A different study conducted by the US Department of Justice revealed that about 1,800 juveniles were victims of homicide in the US in 1999—a rate substantially higher than that of any other developed country. Rates are substantially higher for African American juveniles and juveniles in certain jurisdictions. Most homicides involving young children are committed by family members through beatings or suffocation. These children are mostly of the ages 6 to 11.
Overall, the statistics presented by the US Department of Justice are grim and alarming. The US rate of homicides in young children is 5 times higher than the rate of the other 25 developed countries combined and nearly double the rate of the country with the next highest rate.
Researchers Discovered a Number of Specific Patterns
In a recent study, researchers supported by the Swiss National Science Foundation examined an as yet unexplored aspect of homicides: sexual sadism. The findings could greatly help in contributing to the search for relevant profiles, to the identification of suspects and their possible arrest.
"Our study provides new knowledge to police that can help them to reconstruct the sequence of events even when the evidence present at the scene of a crime is confusing. They show also that we cannot continue to blindly apply what we know about cases involving adult victims to the specific case of crimes committed against children,” Julien Chopin, a postdoctoral researcher and criminologist at Simon Fraser University in Vancouver, said.
According to Phys.org, an internet news portal that provides the latest news on science, the researchers created one of the most extensive international databases on sexual homicide. They used the data they gathered about extra-familial sexual homicides that occurred in France and Canada between 1948 and 2018. The data included 772 cases, of which 136 involved victims classified as children. After that, they developed a scale based on criteria relating to what can be observed at the crime scene.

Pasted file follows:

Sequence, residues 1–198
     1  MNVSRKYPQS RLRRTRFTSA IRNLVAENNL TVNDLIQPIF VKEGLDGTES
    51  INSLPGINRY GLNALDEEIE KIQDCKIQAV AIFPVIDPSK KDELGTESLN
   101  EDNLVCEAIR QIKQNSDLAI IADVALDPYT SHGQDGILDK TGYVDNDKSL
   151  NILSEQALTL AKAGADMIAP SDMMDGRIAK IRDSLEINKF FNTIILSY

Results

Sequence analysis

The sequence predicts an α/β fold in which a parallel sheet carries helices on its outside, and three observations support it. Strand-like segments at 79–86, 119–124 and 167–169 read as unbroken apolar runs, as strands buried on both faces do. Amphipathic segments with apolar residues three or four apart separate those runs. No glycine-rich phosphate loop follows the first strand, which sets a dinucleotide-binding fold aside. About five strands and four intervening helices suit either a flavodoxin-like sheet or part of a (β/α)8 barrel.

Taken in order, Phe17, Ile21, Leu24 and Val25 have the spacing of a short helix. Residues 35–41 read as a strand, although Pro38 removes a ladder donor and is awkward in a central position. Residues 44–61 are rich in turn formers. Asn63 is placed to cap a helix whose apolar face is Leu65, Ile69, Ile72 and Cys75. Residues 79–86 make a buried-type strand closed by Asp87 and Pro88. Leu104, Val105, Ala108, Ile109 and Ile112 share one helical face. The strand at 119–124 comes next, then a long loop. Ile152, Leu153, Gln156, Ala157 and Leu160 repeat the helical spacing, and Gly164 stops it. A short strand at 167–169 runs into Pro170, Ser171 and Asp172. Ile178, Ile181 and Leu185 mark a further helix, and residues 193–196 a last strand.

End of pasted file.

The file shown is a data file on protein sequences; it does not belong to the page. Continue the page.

The team looked for criteria results of at least 6 in score. Of the 136 cases of child sexual homicide in the database, 35 were identified as sadistic crimes (mean score 6.97) and 101 as conventional crimes (mean score 2.69). Then they analyzed the offender's decision-making process before, during, and after the crime. Using statistical models, they studied 34 variables: 14 for the method of killing and the body recovering characteristics, 6 for the context of the crime, 6 for the crime characteristics, 5 for the strategies used by the offender to avoid being identified, and 3 for the location.
The results showed that there are specific patterns that can distinguish crimes of sexual sadism committed against adult victims and conventional sexual crimes committed against children. For instance, there is a certain logic to the way offenders plot their crime. Usually, they extensively think about and plan their crime. "They target areas of predation and children or teenagers who are unsupervised, for example, while riding their bikes or hitchhiking. They use subtle ruses to lure the children. They commit their crime in isolated places so as not to be noticed,” Chopin said.
Other special characteristics include the sexual acts being varied and extreme, death occurring by strangulation or asphyxiation, and victims often left naked. "Since they may be recidivist offenders, it is in the interest of the police to systematically collect clues at the scene of the crime and compare them with their databases,” Chopin added.